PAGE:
Paul's Case Literary Analysis

Ashley Cimino

Point of View

Paul's Case is told in the third person omniscient point of view. The narrator provides additional information on Paul, like that his mother died and how he felt while in the theater. Cather uses the third person omniscient point of view to express the theme, which is that a false sense of reality can be very harmful to an impressionable mind, by displaying false reality in a way that the main character does not feel. This picture of a window represents the point of view because we read the story as outsiders looking in on Paul's life, without completely understanding why he felt the way he did and what he was prepared to do next.



Osley, Julian. Oriel Window. Digital image. Geograph. N.p., 2011. Web. 8 Feb. 2013.

Characterization

Paul is a very bored and unsatisfied young man who gets lost in the glamour of the theater, but rejects nearly every thing else. He finds school to be a waste of time and thinks that it will not take him where he wants to go in life, but it seems that he may get a pass from his teachers after they have learned of his mother's death. Because he has lost a close family member, it may be expected that he is more "in touch" with reality than most, but characterization has shown the opposite. This picture represents Paul's desire to escape his uneventful life.



PublicDomainPictures. Window Boredom. Digital image. Pixabay. N.p., 01 Feb. 2012. Web. 12 Feb. 2013.

Setting

This short story is set in an average, middle-class neighborhood that Paul absolutely hates. The diction and tone used to describe the neighborhood as "mundane" is an exaggeration used to emphasize that Paul yearns for a new and exciting environment, like the theater. The painfully average neighborhood contributed to the theme by further expressing that Paul had a false sense of reality; he thought glitz and drama of New York was reality. This picture taken from a suburb is a clear representation of the neighborhood that Paul grew to despise. In a way, it shows the "american dream"; a white house with a picket fence outlining the yard and a nice car parked in the drive-way.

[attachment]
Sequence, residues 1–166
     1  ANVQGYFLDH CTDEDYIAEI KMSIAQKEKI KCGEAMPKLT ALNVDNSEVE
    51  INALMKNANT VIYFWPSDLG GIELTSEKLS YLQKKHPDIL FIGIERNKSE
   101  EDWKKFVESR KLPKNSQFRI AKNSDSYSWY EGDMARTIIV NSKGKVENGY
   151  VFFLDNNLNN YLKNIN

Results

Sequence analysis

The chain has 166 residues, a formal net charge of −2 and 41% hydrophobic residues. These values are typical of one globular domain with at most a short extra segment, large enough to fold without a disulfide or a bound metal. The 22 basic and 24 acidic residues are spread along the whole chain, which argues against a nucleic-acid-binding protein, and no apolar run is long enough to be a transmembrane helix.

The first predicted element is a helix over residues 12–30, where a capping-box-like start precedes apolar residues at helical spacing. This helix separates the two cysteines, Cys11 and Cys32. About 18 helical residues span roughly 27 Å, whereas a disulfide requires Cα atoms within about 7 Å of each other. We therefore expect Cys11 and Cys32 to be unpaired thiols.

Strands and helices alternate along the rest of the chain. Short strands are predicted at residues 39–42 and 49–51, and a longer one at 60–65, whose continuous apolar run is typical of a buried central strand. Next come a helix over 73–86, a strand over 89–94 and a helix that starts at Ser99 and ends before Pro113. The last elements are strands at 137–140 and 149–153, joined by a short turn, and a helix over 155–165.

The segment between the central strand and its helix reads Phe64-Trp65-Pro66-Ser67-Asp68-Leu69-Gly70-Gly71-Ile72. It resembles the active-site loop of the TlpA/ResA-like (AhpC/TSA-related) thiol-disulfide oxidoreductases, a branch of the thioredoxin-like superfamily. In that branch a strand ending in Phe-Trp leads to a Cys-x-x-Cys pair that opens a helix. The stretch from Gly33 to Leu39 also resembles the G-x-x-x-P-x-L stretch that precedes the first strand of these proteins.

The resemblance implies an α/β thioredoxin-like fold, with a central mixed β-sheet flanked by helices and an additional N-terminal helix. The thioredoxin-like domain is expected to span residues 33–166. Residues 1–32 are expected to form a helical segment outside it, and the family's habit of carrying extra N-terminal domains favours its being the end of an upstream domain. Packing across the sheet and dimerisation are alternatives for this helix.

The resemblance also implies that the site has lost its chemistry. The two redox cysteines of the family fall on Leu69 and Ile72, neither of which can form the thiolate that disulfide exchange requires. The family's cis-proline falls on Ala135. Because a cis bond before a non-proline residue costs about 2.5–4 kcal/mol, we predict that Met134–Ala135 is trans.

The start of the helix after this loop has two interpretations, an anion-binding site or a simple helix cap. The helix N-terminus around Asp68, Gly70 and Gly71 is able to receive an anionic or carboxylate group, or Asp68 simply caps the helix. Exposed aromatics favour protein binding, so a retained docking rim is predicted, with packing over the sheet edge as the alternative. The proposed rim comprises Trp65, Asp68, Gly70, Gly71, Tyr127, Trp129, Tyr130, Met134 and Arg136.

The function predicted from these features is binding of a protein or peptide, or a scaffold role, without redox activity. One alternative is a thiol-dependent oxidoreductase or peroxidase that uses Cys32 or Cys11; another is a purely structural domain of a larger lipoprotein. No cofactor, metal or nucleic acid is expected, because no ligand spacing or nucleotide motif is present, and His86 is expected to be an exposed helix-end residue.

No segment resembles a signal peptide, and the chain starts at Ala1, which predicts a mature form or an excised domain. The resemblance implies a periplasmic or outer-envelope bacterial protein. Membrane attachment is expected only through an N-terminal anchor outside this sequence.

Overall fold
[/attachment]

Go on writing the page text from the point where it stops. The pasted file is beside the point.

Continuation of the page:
M., John. Greenwood Avenue. Digital image. Geograph. N.p., 2010. Web. 8 Feb. 2013.

Symbolism

When he arrives at New York, Paul goes to Tiffany's and the Waldorf Hotel. These two notorious buildings show how Paul has been stuck in a state of perpetual day-dreaming. In relation to the theme, Tiffany's represents Paul's destination in life. New York City is where Paul pictured his life, and it's where he ran when he felt he needed to escape. Fittingly, I chose a picture of Tiffany's & Co. in New York City to as an example of symbolism for Paul's Case.



Wescott, Tim. Tiffany & Co. Digital image. Geograph. N.p., 2008. Web. 8 Feb. 2013.

Theme

The theme of this short-story is that a false sense of reality can destroy an impressionable mind. Paul is a young, unsatisfied boy who lost his mother very early in both of their lives. He yearned for more than his average life was providing for him, so he sought out other opportunities like ushering at the local theatre. He didn't think that high school would help him achieve his dreams, and this is possibly the best example portraying his false sense of reality. Had Paul stayed in school, advanced to college and pursued a career with the theatre, he may have reached New York City. Ultimately his actions lead to commit a crime and escaping to his dreamland, NYC, only to commit suicide in an unplanned and dramatic way. A picture of a devastating shipwreck represents the theme because Paul's impulsive actions lead to his suicide.



WikiImages. Pearl Harbor Ship. Digital image. Pixabay. N.p., 04 Jan. 2013. Web. 8 Feb. 2013.